By Cuts Cafe Guest Blogger
The government are cutting welfare with relish. The Tories used their recent party conference to celebrate taking away yet more from the poorest and most vulnerable in our society. The economic crisis is being used as an excuse to completely dismantle what remains of what was always a patchy and ineffective welfare safety net. Just take a look at David Cameron’s welfare cuts wish list which is pretty much a project of social engineering with poor people are kicked out of their housing and single parent mothers told not to have any more children. For now, this is a Tory dream, but the present isn’t much better, with anyone not earning £25,000 likely to be hit hard by the current welfare ‘reforms’.
But perhaps dismantle is the wrong word to describe this process, as it suggests that the infrastructure of the welfare state is disappearing. Whilst this may be true with regards to monetary entitlements for claimants who are seeing their subsistence benefits cut, the infrastructure of welfare is actually growing in the form of ‘welfare to work’ companies, such as A4e and G4S, making millions of pounds from our misery. As we struggle to survive on less and less our daily existence is further impoverished through the intensification of control that is exerted on us.
One example of this is workfare – forced unpaid work for benefits. This is not anything that new (the Labour party introduced it back in the 1990s) but it is being rolled out on a massive scale to act as a punishment and as a way of making cuts to the welfare budget on top of those outlined in Cameron’s wish list. Other covert means of cutting the welfare budget and leaving people destitute include the use of sanctions and the refusal of crisis loans, with Job Centres instead sending people to food banks rather than give them the money they should be entitled to.
Being forced to work for your benefits is exploitative and degrading. The workfare project also represents the transformation of the welfare state into the workfare state; rather than providing support and a form of remuneration for our activities outside of the labour market, it acts to force everybody into the labour market, without a wage. Finally, workfare undermines the wages and working conditions of those in work and is being used as a way to fill the gaps created by the cuts to public services (workfare in the NHS for example). It is clear that like the other cuts to welfare, this effects the unwaged and the waged alike.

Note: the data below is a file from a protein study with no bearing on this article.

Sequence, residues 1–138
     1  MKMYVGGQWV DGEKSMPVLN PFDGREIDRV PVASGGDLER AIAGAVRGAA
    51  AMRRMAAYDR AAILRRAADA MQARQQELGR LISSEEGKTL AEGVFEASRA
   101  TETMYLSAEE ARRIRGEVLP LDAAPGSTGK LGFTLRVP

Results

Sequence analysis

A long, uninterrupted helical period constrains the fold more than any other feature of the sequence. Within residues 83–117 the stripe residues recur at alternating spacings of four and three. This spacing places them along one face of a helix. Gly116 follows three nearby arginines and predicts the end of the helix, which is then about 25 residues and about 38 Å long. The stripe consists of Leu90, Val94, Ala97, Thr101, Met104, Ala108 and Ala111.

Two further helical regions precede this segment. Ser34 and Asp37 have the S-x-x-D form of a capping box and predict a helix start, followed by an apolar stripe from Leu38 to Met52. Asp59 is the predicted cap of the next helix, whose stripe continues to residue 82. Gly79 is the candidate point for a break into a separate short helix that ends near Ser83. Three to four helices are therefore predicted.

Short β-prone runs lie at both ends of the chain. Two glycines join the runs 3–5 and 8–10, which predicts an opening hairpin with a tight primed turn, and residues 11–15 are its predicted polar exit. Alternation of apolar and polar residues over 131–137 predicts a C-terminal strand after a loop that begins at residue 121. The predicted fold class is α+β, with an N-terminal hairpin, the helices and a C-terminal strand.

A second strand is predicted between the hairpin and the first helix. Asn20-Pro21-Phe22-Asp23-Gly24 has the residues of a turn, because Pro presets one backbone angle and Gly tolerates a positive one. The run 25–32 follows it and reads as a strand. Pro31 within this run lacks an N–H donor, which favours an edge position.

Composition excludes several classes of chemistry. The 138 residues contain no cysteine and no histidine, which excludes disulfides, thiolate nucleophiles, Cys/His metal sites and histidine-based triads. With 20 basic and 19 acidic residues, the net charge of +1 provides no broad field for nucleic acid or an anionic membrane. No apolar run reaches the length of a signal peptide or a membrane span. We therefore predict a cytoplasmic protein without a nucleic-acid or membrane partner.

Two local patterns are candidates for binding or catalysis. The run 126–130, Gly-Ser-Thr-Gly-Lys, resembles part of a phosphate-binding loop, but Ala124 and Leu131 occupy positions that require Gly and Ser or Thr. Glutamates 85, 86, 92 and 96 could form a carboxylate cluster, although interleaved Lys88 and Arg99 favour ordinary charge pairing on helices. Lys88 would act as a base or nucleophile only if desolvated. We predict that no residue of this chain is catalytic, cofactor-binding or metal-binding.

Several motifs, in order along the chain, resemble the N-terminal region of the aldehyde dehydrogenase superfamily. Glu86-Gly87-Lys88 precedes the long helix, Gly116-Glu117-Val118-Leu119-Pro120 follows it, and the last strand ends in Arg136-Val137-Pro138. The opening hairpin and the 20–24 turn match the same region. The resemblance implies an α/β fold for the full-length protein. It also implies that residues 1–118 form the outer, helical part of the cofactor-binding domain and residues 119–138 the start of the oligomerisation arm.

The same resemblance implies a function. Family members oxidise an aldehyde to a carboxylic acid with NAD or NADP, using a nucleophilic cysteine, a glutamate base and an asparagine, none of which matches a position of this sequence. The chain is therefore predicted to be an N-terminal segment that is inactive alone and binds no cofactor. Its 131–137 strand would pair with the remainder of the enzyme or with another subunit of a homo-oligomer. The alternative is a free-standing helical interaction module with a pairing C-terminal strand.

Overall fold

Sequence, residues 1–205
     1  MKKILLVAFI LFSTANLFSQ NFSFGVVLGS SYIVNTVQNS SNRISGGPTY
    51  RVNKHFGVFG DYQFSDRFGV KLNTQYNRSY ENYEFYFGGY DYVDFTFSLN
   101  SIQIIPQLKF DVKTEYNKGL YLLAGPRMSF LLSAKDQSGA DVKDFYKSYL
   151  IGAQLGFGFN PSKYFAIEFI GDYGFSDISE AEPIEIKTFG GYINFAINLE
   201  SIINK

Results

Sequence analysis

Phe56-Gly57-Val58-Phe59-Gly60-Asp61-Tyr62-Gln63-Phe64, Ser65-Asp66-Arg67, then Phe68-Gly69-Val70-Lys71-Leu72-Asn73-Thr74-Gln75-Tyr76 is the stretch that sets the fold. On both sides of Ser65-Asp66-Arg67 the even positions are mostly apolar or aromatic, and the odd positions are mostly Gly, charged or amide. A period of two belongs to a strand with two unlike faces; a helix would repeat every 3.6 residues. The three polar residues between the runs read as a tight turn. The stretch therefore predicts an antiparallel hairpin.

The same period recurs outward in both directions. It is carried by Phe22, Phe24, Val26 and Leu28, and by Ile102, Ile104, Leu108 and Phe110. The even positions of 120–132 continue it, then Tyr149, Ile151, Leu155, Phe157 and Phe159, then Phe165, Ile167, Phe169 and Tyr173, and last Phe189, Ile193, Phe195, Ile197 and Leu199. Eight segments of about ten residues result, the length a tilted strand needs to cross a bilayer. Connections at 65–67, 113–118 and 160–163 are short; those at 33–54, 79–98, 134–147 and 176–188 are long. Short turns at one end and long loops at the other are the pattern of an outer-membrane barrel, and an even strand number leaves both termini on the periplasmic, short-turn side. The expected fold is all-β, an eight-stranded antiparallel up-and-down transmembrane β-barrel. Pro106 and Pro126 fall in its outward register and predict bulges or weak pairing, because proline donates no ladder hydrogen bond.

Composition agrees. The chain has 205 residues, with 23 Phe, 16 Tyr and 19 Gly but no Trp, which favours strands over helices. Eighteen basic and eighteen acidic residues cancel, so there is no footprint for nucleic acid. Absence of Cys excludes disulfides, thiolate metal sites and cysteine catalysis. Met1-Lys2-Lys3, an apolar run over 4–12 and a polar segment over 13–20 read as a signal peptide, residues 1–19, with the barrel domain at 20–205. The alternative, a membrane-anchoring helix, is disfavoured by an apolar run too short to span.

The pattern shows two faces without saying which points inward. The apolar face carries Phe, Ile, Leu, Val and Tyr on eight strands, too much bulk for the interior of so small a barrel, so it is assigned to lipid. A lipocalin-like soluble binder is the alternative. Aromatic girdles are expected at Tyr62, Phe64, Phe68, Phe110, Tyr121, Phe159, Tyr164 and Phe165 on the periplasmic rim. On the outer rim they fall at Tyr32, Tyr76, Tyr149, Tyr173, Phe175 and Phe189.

Another deeply concerning reality of welfare today is the rise of food banks across the UK and the Tories’ excitement that this could become the future for welfare – charities attempting to provide people with food staples with a good chunk of judgement and moralism thrown in. The rise of food banks is partly in response to the welfare cuts that have been made, but they are also driving further cuts as the state uses them as an excuse to retreat from providing welfare. This is happening right now in Lambeth. Instead of prioritising the provision of crisis loans for its constituents, the council have been in talks with local food banks about sending people here instead. On the shelf of a food bank I visited in Lambeth there sat a tub of Fortnum and Mason Organic Goose Fat, left over from someone’s Christmas hamper. A reminder, as if we needed it, that this is class war.
This is the state of ‘welfare’ today.
Every visit to the Job Centre is a struggle. A struggle to enter the place that fills me with dread. A struggle to stand up for myself to bullying advisors. A struggle to ensure that I receive the subsistence benefits that I am entitled to. We mustn’t go through this alone – we must create our own welfare system of solidarity. As claimants we must look after each other and support each other and take collective action against those denying us our rights – and to go beyond this, for ‘rights’ within the current system gives us very little.
There are loads of examples where groups have successfully taken action – Hackney Housing Group gained such a reputation that when they once went along to pay the housing office a visit, the housing office brought down its shutters and closed. Boycott Workfare have pressured dozens of high street stores and charities to pull out of the government’s workfare schemes. Sharing our experiences, ideas, and tactics is important and Cuts Cafe will provide a space for us to come together to do this.
Welfare discussions at Cuts Cafe
Sunday 14th October 2pm-4pm- Able to Fight: Welfare Reform, Disability and Resistance
Red Pepper presents a panel with Michael Calderbank, Kate Bell (co-author, Red Pepper welfare reform mythbuster), Phillip Connolly (RNIB), and Merry Cross (DPAC)
Wednesday 17th October 6pm-London Coalition Against Poverty
Fighting for our rights to housing and welfare: Mutual support and direct action work!